But so I swam backstroke. I swam freestyle. I swam butterfly. I don’t do well with the breaststroke, but swimming has always been once I learned. I loved it, so I would I would encourage people to go to the YMCA or. Find a swimming instructor, because you never know just because it looks different, look at the Paralympic swimmers. They have all kinds of different disabilities and they’re still swimming or there’s an eighty four year old gentleman who swims here in the pool in my building.

And he had major back injuries and rotator cuff injuries. And he can only swim the breaststroke. But he’s unbelievable. And he and he does it five times a week. It’s great exercise. And you don’t know if you don’t try.

Could you tell us about that story? I think with this gentleman and the trophy, do you mind sharing that?

I love that at all. So, yeah. I mean, so he’s a he’s a competitive swimmer. He competes in the Masters events. And he started talking to me kind of slowly here and there. And one day he said, I’m going to give you a gift. And I was taken aback. I said, OK, great, thank you so much. And the next time he saw me, he brought one of the medals that he’d won at an event and that I’d like to give you this medal.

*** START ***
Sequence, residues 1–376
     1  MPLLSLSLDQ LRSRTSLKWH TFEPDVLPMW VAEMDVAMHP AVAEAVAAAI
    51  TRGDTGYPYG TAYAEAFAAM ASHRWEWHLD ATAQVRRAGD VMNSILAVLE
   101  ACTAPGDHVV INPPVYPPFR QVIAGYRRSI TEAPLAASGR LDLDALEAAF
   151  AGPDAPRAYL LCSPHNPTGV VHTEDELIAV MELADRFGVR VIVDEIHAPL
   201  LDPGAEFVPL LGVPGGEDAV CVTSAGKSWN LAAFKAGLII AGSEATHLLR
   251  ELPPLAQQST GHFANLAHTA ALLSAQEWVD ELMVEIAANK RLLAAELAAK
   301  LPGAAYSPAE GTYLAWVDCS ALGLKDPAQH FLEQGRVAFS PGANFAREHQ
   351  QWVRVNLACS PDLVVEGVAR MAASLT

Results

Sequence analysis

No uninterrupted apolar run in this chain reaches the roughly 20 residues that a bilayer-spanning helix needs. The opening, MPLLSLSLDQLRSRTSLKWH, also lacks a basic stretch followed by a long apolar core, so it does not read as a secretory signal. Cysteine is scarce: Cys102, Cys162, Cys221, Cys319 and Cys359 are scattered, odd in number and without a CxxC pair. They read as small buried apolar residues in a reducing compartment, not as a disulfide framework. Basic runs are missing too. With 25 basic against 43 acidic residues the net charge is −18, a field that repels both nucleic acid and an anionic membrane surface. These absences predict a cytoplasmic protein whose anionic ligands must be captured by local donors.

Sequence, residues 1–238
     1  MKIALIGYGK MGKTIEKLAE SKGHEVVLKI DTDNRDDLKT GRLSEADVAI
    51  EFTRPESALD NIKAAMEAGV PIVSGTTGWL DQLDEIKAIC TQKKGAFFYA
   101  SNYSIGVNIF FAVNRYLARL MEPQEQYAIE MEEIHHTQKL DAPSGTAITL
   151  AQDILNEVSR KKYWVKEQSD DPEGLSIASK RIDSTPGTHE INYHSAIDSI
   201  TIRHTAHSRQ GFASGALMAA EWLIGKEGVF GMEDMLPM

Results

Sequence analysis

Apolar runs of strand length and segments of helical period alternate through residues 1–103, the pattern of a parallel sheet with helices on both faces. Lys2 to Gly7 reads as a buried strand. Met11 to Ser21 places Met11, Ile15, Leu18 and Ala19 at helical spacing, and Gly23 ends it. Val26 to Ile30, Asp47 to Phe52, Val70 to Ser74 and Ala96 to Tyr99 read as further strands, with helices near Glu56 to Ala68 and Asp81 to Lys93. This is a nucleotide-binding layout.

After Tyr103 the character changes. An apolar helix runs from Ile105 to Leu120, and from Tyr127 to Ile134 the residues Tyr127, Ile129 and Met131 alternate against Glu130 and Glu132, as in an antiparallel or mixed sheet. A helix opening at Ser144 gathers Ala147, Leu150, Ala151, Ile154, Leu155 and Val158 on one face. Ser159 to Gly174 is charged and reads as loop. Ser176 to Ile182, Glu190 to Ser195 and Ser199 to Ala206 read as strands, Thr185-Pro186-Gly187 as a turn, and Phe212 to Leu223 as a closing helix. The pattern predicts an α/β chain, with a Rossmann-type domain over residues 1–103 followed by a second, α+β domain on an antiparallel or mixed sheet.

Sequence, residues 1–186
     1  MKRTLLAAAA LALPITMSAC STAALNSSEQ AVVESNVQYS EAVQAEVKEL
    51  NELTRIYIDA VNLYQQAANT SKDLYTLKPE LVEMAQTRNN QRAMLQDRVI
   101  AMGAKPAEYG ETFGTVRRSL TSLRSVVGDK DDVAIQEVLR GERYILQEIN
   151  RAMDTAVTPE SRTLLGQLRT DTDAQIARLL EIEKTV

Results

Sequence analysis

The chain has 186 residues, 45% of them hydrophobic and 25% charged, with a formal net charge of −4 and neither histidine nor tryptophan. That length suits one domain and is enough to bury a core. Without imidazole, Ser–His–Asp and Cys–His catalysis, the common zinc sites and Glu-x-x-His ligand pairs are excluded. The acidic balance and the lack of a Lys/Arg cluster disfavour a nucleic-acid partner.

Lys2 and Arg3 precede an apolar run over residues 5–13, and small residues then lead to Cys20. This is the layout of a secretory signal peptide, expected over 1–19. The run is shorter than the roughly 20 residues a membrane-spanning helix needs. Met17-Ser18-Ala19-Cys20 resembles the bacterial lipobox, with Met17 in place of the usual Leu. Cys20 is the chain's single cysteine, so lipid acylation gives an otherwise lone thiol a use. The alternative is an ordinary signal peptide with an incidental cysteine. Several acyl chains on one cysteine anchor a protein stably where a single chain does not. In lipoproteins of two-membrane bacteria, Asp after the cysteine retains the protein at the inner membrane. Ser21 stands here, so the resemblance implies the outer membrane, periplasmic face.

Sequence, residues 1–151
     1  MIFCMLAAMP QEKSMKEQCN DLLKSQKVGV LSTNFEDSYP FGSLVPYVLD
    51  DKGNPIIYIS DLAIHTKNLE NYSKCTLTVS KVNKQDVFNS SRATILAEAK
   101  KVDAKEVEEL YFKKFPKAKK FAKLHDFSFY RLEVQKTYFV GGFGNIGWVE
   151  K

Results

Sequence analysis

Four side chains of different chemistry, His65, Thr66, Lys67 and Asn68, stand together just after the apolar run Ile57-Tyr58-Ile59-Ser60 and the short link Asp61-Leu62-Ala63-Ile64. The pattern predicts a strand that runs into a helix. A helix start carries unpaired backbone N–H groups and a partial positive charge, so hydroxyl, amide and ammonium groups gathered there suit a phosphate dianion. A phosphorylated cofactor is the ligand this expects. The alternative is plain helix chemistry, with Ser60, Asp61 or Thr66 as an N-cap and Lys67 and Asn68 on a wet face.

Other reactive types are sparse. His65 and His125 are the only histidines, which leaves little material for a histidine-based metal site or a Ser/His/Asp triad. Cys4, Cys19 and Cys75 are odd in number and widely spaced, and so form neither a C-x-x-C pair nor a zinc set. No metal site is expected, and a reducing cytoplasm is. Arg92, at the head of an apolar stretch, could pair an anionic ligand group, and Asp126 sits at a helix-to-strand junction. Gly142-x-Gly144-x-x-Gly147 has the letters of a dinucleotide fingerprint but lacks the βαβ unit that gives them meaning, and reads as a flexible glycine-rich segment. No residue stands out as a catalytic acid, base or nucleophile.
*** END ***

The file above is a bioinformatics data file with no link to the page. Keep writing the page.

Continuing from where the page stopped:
He just like, you know, you’re you’re strong in the water and you you haven’t given up and just keep you know, he’s one of those people that believes in positivity and resilience and grit. And he sees that in the pool. And he just wanted to honor that. And it was it was beautiful.